Experts in the Business Management of SME Law Firms in general, Notaries Public in particular                         

How is your Practising Certificate Fee Spent?

How is your Practising Certificate Fee Spent?

We, at Law Consultancy Services, explore this topic in detail, as we delve into the inner workings of The Faculty Office in  this year’s accredited for Continuing Professional Education programme –  Notaries Now 2021. Here we report how the  New LSB rules on regulators’ fees will increase transparency for lawyers and raise standards Posted on 29th January 2021


The Legal Services Board (LSB) has today published new Rules and Guidance to increase transparency on how legal services regulators spend practising certificate fees (PCF).  Increased transparency will help empower those who pay the PCF to hold their regulator accountable for its expenditure. The proposals are designed to lead to a more meaningful debate on the purpose, benefits, costs, and value of regulation,  improve standards across the sector and promote the regulatory objectives.

Each year individual lawyers and legal firms must pay a PCF to their approved regulator to practise. Regulators can only collect a PCF if the LSB has approved the level of the fee.  The new PCF Rules and Guidance are proportionate and they improve the framework for the practising fee application and approval process.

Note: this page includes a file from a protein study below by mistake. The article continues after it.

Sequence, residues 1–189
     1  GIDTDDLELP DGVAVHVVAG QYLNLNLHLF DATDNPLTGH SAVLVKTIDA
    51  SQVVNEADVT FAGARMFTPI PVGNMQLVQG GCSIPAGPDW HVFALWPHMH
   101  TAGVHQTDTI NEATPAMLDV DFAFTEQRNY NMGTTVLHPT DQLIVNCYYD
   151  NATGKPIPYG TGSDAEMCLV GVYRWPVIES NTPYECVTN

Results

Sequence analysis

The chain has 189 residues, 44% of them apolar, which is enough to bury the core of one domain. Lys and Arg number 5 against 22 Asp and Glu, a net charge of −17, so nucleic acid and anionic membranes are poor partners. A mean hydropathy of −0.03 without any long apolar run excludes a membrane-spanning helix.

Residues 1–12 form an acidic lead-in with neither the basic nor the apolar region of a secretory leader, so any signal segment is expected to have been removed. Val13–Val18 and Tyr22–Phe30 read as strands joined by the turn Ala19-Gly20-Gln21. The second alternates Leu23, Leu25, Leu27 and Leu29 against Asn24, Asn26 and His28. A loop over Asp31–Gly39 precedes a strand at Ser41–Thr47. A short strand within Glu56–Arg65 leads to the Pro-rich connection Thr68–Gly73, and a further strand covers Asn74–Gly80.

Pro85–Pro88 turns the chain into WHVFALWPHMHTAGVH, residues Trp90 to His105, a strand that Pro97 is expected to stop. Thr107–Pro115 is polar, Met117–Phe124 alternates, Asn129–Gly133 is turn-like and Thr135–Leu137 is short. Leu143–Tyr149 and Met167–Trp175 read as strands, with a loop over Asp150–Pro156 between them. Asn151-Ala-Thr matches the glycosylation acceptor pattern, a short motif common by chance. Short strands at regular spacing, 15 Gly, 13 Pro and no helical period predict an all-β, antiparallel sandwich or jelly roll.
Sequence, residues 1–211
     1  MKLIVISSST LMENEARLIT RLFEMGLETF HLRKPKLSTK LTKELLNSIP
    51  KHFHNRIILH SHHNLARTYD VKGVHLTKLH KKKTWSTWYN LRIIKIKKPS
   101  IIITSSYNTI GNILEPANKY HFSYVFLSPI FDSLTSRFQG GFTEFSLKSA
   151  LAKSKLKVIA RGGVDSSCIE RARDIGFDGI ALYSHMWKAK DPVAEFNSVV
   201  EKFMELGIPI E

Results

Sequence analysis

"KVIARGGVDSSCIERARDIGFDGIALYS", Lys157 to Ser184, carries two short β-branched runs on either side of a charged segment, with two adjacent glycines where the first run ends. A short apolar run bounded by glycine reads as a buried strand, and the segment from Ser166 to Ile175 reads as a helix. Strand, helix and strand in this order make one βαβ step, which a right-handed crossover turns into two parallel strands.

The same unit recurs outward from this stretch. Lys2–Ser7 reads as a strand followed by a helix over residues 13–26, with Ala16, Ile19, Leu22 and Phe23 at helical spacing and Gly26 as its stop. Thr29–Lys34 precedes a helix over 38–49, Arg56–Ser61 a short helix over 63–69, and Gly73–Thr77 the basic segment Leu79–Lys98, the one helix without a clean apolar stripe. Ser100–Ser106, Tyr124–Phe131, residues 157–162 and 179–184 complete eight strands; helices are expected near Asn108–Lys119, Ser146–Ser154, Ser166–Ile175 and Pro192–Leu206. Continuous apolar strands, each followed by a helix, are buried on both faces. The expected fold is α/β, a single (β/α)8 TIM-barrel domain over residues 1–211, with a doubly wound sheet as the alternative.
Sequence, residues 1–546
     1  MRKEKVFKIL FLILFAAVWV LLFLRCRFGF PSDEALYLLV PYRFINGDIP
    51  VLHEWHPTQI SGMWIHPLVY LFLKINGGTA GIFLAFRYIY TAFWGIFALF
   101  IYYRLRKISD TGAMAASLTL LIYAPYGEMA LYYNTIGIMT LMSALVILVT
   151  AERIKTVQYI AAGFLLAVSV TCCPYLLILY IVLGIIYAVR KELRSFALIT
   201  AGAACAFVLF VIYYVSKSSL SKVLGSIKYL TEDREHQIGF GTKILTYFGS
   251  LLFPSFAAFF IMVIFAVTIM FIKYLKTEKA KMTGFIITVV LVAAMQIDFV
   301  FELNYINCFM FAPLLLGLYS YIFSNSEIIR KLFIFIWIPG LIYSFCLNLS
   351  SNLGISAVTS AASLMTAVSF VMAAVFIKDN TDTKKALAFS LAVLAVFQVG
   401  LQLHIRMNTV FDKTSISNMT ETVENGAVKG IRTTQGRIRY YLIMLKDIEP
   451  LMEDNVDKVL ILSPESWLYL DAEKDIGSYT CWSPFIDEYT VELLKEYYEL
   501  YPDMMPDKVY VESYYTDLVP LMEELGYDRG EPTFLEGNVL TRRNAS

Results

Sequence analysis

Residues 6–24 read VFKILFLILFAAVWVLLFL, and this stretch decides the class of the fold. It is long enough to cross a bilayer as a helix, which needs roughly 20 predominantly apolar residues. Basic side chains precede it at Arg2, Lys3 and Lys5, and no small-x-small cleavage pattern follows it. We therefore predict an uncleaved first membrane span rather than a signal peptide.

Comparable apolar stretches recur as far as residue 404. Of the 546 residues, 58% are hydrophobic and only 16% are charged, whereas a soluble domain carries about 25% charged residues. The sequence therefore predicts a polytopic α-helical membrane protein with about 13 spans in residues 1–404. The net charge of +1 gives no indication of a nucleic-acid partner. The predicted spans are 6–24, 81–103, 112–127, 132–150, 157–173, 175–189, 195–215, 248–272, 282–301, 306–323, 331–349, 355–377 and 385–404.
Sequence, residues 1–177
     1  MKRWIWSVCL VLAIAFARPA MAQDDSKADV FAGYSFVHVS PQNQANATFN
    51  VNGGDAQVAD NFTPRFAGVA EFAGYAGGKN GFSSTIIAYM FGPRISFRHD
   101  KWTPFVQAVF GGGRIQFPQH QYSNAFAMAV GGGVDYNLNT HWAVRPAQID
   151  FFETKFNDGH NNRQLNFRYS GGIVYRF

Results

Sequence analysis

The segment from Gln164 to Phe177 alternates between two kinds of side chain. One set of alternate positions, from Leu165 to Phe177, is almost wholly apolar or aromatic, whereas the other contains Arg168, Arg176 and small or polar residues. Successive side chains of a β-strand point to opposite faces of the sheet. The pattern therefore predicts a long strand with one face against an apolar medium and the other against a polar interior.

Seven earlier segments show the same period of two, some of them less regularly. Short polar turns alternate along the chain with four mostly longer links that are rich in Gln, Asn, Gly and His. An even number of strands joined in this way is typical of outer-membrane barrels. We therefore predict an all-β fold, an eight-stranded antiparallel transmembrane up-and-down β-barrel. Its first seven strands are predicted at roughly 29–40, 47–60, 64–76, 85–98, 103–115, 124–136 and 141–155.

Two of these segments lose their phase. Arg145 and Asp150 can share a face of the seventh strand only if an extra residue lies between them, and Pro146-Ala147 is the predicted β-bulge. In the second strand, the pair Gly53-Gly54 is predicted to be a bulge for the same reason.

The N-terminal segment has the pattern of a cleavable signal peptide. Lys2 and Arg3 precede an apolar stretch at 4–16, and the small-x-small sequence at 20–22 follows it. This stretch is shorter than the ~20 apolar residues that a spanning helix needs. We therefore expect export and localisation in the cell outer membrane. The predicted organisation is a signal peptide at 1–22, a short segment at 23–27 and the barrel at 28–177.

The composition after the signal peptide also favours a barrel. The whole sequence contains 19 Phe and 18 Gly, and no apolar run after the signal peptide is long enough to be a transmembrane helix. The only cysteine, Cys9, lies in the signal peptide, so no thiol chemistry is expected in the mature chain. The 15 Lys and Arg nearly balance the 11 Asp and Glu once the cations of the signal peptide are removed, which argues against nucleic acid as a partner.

They also outline the criteria and supporting material that regulators must provide before the LSB approves an application. This includes ensuring regulators have sufficient funds and financial resilience to regulate and operate efficiently and cost-effectively.

The LSB has discussed proposals for updating the PCF Rules with regulators since February 2020. Early input was used to develop new draft rules that the LSB then consulted on publicly. The LSB has considered all the feedback received carefully and amended the new PCF Rules and Guidance, as appropriate.

Change to the new PCF Rules and Guidance include:

  • Regulators must have a reserves policy in place to ensure they are financially resilient.
  • The PCF approval process is now better integrated with the LSB’s performance assessment framework for regulators. When setting the PCF level, regulators must consider specific issues raised through regulatory performance and be transparent about how the fee will be used to address concerns.
  • Regulators are now required to consider the impact of the PCF level on equality, diversity and inclusion and consider the regulatory objectives in discharging their regulatory functions.

Matthew Hill, Chief Executive of the Legal Services Board, said:

“We are grateful to everyone who worked with us to devise the updated PCF Rules and Guidance and to those who shared feedback in our consultation.

“Our process for assessing practising fee applications had not been updated since it was first introduced in 2011. In this time, the LSB’s overall approach to regulation has evolved significantly. We have updated the Rules to support a modern regulatory system that delivers benefits for legal professionals, consumers and the public and promotes the regulatory objectives.